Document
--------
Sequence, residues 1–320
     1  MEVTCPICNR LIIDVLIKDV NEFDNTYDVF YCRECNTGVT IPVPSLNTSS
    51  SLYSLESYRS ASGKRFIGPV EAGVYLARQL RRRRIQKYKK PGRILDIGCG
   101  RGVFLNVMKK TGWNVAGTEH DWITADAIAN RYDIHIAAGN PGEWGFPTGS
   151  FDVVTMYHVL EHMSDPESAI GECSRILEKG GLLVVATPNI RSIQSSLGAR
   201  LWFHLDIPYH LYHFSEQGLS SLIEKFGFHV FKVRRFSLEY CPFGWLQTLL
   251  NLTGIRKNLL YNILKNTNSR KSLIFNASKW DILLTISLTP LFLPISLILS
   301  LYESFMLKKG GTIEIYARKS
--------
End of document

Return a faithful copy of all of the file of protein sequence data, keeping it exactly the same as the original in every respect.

Sequence, residues 1–320
     1  MEVTCPICNR LIIDVLIKDV NEFDNTYDVF YCRECNTGVT IPVPSLNTSS
    51  SLYSLESYRS ASGKRFIGPV EAGVYLARQL RRRRIQKYKK PGRILDIGCG
   101  RGVFLNVMKK TGWNVAGTEH DWITADAIAN RYDIHIAAGN PGEWGFPTGS
   151  FDVVTMYHVL EHMSDPESAI GECSRILEKG GLLVVATPNI RSIQSSLGAR
   201  LWFHLDIPYH LYHFSEQGLS SLIEKFGFHV FKVRRFSLEY CPFGWLQTLL
   251  NLTGIRKNLL YNILKNTNSR KSLIFNASKW DILLTISLTP LFLPISLILS
   301  LYESFMLKKG GTIEIYARKS